Winning the One-on-One Battle But Losing the Match-up War
Similarly, I've been skeptical of speculation that Miami is a likely suitor for Andrew Bynum. The reasoning behind this line of thought is that Bynum will help Miami compete with the Pacers' big lineups. My question is, why try? The Heat's defense operates by being faster and more athletic than the opposition, consciously giving up a little edge on the defensive glass in order to create turnovers and facebreak opportunities the other way, where with LeBron and D-Wade, they are simply devastating. Why change that to play the same style that Indiana has perfected, only doing it worse?
And of course the classic example of "matching up" backfiring is this year's Knicks. After great success last season with a small, shooting-heavy lineup featuring Carmelo Anthony as a small 4, Mike Woodson has returned to a more traditional "two big man" style of play. Which has contrived to make New York a subpar version of Generic NBA Team. "Melo at the 4" is like blood in the water near a pack of sharks in Knicks blog/twitterland.
It's not exactly Sun Tzu, but the Art of NBA takeaway is that the team which chooses the style at which the game will be played has an advantage. A key difference between good coaches and bad is that the better coaches rarely concede their team's identity for the sake of "match-ups" as such a concession mean's the battle is being fought on ground of the opponent's choosing.
And Toronto's problems came on the other end, where Hayes' status as a more or less total non-threat allowed Pau or Jordan Hill to wreak havoc with Toronto's offensive sets:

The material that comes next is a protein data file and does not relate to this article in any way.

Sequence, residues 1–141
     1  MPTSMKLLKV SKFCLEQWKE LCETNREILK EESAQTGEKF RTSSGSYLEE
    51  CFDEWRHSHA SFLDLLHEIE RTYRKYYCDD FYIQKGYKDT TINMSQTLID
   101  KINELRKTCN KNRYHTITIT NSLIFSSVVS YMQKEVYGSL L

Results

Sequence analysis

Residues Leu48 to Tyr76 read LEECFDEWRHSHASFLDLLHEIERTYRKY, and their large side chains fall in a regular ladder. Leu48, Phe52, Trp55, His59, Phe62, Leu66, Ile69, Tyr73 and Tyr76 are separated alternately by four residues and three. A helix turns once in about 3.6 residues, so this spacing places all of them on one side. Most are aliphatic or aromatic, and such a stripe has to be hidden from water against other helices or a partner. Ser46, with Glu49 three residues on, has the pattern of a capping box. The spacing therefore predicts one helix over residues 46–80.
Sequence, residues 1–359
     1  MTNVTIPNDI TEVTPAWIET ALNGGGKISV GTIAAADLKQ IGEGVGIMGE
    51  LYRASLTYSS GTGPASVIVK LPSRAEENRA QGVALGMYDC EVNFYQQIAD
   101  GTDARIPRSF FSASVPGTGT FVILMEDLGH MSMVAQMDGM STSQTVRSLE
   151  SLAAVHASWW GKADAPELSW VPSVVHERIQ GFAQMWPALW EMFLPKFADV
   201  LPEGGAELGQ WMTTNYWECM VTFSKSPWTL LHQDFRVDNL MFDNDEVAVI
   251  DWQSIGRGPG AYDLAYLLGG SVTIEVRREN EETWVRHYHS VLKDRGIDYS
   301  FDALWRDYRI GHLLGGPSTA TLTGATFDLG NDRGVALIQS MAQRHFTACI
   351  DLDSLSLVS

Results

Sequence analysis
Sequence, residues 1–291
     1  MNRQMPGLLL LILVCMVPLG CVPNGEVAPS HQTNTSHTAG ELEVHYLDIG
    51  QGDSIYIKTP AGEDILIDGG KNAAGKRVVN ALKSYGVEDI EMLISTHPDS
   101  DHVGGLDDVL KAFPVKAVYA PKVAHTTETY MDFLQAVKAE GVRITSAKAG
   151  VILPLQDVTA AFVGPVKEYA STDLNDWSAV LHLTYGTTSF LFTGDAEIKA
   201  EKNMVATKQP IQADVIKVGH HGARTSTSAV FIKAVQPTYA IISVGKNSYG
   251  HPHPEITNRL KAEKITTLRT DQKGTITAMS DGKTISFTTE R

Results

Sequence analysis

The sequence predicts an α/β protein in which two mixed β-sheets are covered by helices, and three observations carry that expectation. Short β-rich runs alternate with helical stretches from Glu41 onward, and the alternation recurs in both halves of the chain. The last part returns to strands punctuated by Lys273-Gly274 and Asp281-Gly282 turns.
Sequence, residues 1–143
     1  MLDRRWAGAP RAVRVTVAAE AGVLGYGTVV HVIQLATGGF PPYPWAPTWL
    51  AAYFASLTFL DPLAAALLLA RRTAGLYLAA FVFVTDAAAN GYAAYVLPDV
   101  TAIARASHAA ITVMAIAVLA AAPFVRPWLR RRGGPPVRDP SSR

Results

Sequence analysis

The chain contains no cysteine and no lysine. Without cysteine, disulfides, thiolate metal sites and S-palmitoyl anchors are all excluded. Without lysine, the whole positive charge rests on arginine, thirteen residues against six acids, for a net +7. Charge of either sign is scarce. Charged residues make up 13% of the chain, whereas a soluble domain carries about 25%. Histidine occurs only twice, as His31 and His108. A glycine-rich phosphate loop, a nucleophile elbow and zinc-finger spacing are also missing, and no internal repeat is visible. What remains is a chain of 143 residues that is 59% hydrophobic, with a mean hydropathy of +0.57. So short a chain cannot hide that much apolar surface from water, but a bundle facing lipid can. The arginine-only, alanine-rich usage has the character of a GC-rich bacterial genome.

Oddly enough, today's game against the Bobcats serves as the perfect counterpoint. In that contest, Al Jefferson used 11 possessions against Hayes and 11 against either Jonas or Patrick Patterson. He scored 8 vs. Hayes and 13 against the other Raps, but unlike the Lakers, the Kemba Walker -less Bobbers had no Nick Young-like figure to pick up that scoring slack. The succession of stops including a number of Jefferson misses and turnovers, combined with some unexpected offense by Hayes allowed the Raps to almost make up a 30 point deficit (with Kyle Lowry missing a free throw to tie late on). So in addition to his defensive contributions being more important, Hayes also made himself useful on the offensive end down the stretch, contributing to Hayes' +15 in 15 second half minutes.
This is hardly the only example of coaches, fans or commentators only seeing one half of a given match-up. There is often a clamor for players such as Steve Novak to play more for the Raptors. The problem is Novak helps both offenses; while his shooting is obviously elite, the list of players he can credibly guard is very small. No matter how much he adds on offense, it's not enough if he gives up more on defense. And as Hayes against the Lakers shows, the reverse can is also be true.